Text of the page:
By: Katie Broyles, Spring 2019 HeLP Legal Services Clinic Intern
Most commonly, medical-legal partnerships (MLPs) are recognized for their vision to improve low-income patient and client situations by addressing the social determinants of health via both a medical and legal lens. However, most MLPs today are operating to solve a number of additional healthcare access and population problems for providers and patients behind the scenes. One of these problems is that of health literacy in low-income patients and clients. Health literacy is defined by the Department of Health and Human Services as the “degree to which individuals have the capacity to obtain, process, and understand basic health information and services needed to make appropriate health decisions.” A recent study found that “[m]ost American adults – 53 percent – have intermediate health literacy…they can perform ‘moderately challenging’ activities, like reading denser texts and handling unfamiliar arithmetic,” but about 20 percent have only “basic” health literacy that could cause problems, and 14 percent have scores “below basic” on the National Assessment of Adult Literacy. In addressing the social determinants of health at the outset of a physician-patient or attorney-client relationship, MLPs work to examine possible risk factors for low health literacy that may be causing initial problems in a patient or client’s case, such as low health plan compliance rates, lower percentages of advanced screening or usage of preventative care services, difficulty finding access to healthcare resources or services, or failure to use resources or services they are aware of altogether. In aiming to resolve these underlying issues, MLPs help to provide a long-term solution to the patient or client, in turn improving low-income population health and long-term health literacy.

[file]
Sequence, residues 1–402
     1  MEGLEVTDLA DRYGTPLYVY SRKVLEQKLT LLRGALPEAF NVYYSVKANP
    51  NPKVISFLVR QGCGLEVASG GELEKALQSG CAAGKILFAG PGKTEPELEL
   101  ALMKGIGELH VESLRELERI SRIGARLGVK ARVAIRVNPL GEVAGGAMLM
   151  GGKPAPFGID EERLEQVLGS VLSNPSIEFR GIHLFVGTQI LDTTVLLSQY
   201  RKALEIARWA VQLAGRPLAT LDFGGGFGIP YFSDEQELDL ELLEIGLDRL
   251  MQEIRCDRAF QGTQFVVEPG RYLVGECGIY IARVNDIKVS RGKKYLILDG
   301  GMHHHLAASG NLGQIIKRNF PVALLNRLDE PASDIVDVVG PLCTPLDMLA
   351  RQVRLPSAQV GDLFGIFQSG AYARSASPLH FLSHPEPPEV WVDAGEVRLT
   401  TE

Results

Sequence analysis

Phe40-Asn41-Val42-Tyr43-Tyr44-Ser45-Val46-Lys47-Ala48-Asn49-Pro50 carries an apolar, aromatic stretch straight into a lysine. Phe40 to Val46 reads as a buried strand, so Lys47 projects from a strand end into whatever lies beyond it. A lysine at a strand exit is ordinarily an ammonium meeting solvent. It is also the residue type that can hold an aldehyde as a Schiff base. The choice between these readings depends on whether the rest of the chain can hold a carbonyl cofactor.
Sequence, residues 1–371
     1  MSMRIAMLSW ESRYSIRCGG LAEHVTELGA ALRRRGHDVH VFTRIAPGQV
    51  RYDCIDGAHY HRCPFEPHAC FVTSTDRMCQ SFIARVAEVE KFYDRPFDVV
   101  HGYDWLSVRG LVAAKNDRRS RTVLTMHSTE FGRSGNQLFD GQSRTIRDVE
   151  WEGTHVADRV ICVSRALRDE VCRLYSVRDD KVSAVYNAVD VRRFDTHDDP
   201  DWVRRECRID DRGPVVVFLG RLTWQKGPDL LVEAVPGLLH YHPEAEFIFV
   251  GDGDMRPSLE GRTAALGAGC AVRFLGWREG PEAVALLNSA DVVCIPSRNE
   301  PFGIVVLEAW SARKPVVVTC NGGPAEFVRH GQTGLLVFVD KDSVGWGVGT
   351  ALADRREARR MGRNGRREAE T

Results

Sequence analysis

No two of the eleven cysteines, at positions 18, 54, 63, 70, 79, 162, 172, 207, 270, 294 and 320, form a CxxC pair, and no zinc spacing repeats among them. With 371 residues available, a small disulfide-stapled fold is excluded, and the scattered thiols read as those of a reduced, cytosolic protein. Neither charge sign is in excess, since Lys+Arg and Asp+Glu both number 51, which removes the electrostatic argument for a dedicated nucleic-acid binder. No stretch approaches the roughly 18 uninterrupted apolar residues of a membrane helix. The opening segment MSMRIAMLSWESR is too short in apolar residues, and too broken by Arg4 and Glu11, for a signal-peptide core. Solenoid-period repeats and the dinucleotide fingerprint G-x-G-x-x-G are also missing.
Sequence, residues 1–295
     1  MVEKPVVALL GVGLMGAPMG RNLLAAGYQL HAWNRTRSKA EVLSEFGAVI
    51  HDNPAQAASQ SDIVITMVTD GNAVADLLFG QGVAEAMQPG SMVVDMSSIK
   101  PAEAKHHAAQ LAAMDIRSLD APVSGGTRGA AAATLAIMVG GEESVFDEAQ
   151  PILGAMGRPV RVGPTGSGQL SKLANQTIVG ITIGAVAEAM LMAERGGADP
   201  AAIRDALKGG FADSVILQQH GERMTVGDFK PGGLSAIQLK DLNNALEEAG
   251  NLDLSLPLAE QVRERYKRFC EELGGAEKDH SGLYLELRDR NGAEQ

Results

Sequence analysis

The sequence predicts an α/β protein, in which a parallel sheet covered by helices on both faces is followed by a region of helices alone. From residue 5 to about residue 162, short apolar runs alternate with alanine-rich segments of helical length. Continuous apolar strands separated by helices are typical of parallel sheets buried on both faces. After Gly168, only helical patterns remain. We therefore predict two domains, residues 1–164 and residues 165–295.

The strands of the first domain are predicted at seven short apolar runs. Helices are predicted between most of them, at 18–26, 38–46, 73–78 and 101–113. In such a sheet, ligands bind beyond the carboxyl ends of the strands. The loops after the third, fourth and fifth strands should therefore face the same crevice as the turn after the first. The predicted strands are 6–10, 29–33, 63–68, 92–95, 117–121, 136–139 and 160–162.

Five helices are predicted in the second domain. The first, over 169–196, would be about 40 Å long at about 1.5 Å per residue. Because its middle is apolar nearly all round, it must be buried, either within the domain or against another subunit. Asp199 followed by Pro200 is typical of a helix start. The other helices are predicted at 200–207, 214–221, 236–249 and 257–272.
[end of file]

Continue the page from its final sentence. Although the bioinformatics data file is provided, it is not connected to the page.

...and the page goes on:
Even among literate adults, the complex nature of the healthcare system combined with complicated medical jargon and electronic health record (EHR) notations are enough to complicate anyone’s understanding of their own healthcare status. In addition, healthcare entities do not assess patient literacy at the outset of patient care interactions, leading to a mechanistic approach that involves handing patients their medical forms at discharge, printed from an EHR system, and telling them to follow up in a few days if they encounter any problems. Medical forms may not be comprehensible for patients with lower health literacy, or for any number of reasons a healthcare provider may not fully explain a medical diagnosis or prognosis to a patient. Within the MLP system, however, legal representatives can work to mitigate this misunderstanding and help bridge the relationship between provider and patients who may not know what questions to ask, or why having a relationship with their provider in the first place is vital to resolving many of their corresponding legal issues. For example, as a law student working in the Health Law Partnership (HeLP) Legal Services Clinic, it has been crucial for my interactions with several clients to explain the importance of following up on questions with physicians, and complying with physician-scheduled medication programs when a client is seeking Supplemental Security Income (SSI) benefits, as the Social Security Administration often looks to patient compliance with scheduled healthcare programs as a persuasive factor in favor of receipt of SSI benefits. MLPs engage with patients and clients to empower them to navigate the healthcare system in a way that cultivates a lifetime understanding of the importance of health plan adherence and use of preventative services, and allows them to avoid legal problems resulting from a problematic health status and improve health literacy in the long run.